Introduction to MET

Last update: 14 Nov 2022 [History] [Edit]

So far, we’ve talked about how we detect particles that interact with the detector in some way, but these methods cannot be used when we want to study particles that do not interact with the detector (e.g., neutrinos, dark matter, etc.).

When we want to know something about these “invisible” particles, we can use one of the first principles we learn in physics: conservation of momentum. Since the incoming particles in the collision carry negligible momentum in transverse to the beamline, we know that the vector sum of the final state particles should have a transverse component that is zero. The way we use this is that after we reconstruct all of the other particles in the event, the missing transverse energy (MET) is calculated as the negative vector sum of those objects.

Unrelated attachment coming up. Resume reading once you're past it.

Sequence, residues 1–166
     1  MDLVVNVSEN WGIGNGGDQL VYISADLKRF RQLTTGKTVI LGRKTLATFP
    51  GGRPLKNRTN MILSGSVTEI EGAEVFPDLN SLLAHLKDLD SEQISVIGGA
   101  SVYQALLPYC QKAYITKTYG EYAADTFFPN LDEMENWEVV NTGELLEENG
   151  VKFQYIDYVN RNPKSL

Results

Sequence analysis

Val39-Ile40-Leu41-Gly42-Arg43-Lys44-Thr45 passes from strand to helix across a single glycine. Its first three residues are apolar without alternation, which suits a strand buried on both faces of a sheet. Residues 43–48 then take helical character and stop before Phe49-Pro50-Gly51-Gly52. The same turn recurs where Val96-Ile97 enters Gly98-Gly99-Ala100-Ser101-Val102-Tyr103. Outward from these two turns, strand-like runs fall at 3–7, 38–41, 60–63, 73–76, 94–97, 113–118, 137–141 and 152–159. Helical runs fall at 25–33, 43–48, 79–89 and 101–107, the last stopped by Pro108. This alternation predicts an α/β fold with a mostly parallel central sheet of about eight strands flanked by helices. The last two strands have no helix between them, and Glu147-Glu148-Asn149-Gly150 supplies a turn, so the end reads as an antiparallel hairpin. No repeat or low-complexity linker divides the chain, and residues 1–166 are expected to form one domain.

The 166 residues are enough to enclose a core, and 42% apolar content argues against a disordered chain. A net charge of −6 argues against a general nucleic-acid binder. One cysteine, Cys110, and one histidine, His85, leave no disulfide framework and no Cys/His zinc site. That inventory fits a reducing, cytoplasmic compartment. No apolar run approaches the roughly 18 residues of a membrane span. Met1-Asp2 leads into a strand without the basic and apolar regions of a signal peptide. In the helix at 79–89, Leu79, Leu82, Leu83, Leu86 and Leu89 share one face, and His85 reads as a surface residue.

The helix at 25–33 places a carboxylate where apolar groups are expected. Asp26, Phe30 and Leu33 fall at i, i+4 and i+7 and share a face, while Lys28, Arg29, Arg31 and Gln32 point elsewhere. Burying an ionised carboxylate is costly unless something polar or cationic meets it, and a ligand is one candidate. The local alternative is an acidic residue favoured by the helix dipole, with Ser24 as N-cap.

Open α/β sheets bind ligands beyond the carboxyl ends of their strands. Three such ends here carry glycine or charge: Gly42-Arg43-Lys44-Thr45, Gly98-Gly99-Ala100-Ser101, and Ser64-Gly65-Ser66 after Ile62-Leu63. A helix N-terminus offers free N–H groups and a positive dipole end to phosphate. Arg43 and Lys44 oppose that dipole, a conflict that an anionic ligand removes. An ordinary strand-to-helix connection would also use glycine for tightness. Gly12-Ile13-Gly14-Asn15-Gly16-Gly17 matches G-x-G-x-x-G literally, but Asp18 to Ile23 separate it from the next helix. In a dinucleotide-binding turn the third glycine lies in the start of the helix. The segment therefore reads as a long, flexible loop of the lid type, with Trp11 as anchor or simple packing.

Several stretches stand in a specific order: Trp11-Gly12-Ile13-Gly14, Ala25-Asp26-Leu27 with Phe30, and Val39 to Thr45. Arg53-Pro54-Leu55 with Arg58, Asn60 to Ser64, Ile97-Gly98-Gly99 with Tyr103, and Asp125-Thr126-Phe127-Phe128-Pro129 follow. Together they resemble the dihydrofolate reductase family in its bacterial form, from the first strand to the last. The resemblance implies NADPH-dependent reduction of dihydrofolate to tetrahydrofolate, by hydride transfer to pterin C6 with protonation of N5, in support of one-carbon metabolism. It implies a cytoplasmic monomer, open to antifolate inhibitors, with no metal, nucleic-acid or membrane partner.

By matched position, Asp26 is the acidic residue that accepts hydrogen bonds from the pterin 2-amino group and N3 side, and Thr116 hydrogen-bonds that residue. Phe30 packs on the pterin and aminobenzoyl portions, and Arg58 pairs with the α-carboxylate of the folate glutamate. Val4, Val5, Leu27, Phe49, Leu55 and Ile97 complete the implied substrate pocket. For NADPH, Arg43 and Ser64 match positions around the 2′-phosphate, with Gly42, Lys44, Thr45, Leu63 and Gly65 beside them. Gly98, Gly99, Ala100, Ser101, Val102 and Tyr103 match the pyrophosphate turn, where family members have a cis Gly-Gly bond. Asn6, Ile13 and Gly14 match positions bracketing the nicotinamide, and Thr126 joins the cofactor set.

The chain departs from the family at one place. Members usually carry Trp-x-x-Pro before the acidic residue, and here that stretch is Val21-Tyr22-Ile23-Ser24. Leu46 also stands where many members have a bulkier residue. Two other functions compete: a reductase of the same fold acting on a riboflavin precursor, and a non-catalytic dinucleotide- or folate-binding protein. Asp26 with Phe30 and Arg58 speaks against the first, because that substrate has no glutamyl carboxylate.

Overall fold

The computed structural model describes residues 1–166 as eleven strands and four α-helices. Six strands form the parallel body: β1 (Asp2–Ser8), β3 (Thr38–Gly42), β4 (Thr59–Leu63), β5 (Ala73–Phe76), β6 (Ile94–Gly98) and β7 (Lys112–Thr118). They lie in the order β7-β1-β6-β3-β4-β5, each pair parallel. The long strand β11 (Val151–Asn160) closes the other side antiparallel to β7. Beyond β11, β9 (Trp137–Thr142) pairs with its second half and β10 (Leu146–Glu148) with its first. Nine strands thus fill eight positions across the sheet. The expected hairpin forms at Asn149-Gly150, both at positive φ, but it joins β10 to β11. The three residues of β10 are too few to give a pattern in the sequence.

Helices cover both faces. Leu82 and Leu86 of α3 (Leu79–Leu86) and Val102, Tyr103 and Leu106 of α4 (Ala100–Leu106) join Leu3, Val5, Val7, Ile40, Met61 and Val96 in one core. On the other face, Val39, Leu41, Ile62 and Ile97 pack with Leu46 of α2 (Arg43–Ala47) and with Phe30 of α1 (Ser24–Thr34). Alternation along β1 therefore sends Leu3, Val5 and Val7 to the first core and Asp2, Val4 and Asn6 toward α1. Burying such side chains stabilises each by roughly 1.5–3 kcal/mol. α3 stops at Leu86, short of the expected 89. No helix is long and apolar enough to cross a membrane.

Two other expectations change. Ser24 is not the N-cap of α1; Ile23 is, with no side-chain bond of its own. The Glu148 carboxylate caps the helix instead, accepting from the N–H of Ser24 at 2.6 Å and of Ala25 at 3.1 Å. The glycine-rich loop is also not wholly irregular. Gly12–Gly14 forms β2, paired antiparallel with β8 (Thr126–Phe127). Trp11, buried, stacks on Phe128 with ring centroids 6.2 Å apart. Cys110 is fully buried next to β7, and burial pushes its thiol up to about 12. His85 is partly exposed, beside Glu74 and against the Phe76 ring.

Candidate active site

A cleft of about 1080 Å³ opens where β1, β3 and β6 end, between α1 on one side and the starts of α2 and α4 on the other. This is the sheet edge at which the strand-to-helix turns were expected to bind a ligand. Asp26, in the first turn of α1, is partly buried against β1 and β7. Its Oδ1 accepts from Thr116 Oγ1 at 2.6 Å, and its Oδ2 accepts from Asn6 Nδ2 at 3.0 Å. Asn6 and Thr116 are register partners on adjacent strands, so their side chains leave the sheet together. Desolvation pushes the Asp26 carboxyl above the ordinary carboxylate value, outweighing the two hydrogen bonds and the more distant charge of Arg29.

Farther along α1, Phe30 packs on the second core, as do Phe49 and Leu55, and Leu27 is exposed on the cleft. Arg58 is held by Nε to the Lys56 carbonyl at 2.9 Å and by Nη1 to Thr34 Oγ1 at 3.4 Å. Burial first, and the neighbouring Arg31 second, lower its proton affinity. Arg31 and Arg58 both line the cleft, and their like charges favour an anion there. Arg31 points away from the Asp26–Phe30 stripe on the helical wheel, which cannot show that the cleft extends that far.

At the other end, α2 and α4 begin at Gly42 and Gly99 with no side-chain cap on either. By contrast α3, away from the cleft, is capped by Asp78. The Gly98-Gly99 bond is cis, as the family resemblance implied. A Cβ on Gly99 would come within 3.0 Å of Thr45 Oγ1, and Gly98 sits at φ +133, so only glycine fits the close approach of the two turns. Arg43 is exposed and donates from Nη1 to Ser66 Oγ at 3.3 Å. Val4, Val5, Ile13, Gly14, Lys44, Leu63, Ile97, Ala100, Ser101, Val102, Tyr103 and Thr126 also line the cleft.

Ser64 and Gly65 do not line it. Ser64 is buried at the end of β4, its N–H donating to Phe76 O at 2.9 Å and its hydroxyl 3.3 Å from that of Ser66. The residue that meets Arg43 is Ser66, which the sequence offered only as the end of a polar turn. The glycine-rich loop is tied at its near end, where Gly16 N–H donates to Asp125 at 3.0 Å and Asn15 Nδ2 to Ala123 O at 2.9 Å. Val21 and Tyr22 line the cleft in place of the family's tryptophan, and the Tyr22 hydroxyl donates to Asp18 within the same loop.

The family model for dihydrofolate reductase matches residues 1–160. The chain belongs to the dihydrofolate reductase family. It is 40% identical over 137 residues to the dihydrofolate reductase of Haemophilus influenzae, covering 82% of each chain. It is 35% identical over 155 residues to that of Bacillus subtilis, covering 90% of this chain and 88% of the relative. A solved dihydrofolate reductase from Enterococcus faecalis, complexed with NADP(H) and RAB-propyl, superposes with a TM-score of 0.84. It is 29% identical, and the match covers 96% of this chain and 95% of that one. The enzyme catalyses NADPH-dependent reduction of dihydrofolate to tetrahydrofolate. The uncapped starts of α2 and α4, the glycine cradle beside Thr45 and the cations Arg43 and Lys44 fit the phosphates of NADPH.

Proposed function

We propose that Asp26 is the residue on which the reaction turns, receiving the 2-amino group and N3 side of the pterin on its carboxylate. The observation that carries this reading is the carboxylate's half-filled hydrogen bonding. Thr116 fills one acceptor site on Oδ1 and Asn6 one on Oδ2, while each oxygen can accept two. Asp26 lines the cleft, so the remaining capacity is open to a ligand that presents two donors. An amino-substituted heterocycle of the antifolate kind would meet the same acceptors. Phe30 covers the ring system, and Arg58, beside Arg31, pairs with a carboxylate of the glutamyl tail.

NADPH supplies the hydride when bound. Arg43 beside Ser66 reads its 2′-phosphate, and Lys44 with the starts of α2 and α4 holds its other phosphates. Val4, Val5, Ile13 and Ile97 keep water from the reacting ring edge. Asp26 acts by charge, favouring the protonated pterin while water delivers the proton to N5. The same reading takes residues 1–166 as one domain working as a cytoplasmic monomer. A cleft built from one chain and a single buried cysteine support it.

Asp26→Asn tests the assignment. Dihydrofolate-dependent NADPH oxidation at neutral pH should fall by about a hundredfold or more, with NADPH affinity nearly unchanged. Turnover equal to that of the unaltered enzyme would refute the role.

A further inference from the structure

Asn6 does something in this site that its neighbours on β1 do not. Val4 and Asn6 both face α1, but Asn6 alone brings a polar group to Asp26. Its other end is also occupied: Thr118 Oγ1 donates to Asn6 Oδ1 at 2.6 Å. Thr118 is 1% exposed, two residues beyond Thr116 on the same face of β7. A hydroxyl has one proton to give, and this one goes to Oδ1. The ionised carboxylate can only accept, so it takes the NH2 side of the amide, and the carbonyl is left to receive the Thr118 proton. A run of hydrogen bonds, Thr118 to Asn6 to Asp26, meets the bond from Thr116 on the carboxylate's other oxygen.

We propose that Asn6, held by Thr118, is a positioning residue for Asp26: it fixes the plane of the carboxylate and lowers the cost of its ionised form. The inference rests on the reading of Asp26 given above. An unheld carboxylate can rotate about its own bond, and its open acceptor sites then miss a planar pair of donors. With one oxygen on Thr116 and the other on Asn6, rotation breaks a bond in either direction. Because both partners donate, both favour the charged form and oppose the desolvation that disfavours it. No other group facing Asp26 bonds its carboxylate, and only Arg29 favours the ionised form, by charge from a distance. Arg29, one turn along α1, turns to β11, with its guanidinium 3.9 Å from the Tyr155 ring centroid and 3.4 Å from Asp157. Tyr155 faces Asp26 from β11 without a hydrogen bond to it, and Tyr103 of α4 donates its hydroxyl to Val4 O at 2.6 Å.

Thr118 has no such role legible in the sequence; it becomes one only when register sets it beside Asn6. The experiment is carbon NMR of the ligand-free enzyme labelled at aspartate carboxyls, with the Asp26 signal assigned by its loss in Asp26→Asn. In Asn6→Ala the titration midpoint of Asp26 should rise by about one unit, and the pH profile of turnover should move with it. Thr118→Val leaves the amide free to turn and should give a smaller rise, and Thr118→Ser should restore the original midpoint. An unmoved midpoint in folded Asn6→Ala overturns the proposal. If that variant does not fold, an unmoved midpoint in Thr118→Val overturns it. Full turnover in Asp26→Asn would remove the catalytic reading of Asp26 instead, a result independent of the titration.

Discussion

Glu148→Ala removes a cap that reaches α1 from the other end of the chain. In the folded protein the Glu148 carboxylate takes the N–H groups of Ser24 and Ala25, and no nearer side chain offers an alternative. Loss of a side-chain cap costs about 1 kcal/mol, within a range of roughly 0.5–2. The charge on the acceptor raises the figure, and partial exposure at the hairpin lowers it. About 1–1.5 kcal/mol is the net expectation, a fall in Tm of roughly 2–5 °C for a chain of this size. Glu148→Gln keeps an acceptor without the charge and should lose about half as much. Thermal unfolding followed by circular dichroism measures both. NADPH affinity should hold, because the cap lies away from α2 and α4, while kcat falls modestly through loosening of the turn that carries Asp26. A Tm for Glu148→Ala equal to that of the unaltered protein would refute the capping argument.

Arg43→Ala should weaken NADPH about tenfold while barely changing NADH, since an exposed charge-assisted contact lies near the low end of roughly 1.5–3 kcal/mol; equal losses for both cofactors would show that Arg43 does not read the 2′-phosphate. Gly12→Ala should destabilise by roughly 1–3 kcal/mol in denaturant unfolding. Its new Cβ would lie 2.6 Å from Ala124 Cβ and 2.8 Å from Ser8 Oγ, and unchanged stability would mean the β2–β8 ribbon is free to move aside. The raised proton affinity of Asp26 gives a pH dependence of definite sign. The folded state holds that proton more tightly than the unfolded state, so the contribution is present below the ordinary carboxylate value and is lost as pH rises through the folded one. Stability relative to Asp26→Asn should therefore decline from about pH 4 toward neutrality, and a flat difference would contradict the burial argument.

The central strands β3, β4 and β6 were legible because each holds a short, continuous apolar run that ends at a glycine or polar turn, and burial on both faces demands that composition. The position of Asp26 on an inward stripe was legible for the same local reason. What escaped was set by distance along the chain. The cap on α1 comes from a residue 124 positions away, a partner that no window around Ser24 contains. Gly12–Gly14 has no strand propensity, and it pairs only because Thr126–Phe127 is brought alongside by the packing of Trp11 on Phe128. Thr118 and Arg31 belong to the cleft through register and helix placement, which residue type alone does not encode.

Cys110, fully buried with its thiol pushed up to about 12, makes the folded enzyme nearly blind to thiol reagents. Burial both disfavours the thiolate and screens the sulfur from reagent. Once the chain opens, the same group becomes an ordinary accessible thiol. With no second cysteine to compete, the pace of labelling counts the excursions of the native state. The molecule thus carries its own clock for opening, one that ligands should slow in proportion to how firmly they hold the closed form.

Missing Transverse Energy

Reconstruction Process

Since the reconstruction of MET explicitly relies on everything else in an event, we do not calculate it until the analysis step. After all of the necessary calibrations are applied to the objects in the event, we use the tools that the JetETMiss group have developed.

The process of calculating MET and determining the associated systematics is a very complex process with many “moving parts” that are beyond the scope of this tutorial. For more detailed information, please see the MET Reconstruction in Run II twiki page.